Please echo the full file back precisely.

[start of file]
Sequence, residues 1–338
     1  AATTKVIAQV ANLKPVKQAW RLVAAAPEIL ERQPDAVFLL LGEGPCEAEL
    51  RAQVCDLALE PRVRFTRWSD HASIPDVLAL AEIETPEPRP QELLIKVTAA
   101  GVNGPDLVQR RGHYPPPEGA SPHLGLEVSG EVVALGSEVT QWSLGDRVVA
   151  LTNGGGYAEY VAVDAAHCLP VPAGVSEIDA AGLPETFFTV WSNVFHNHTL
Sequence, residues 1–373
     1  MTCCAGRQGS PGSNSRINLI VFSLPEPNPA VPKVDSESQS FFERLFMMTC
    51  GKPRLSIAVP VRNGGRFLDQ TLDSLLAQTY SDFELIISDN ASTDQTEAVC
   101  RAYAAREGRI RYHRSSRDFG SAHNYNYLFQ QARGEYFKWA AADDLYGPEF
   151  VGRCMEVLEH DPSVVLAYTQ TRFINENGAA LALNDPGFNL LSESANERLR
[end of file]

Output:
Sequence, residues 1–338
     1  AATTKVIAQV ANLKPVKQAW RLVAAAPEIL ERQPDAVFLL LGEGPCEAEL
    51  RAQVCDLALE PRVRFTRWSD HASIPDVLAL AEIETPEPRP QELLIKVTAA
   101  GVNGPDLVQR RGHYPPPEGA SPHLGLEVSG EVVALGSEVT QWSLGDRVVA
   151  LTNGGGYAEY VAVDAAHCLP VPAGVSEIDA AGLPETFFTV WSNVFHNHTL
Sequence, residues 1–373
     1  MTCCAGRQGS PGSNSRINLI VFSLPEPNPA VPKVDSESQS FFERLFMMTC
    51  GKPRLSIAVP VRNGGRFLDQ TLDSLLAQTY SDFELIISDN ASTDQTEAVC
   101  RAYAAREGRI RYHRSSRDFG SAHNYNYLFQ QARGEYFKWA AADDLYGPEF
   151  VGRCMEVLEH DPSVVLAYTQ TRFINENGAA LALNDPGFNL LSESANERLR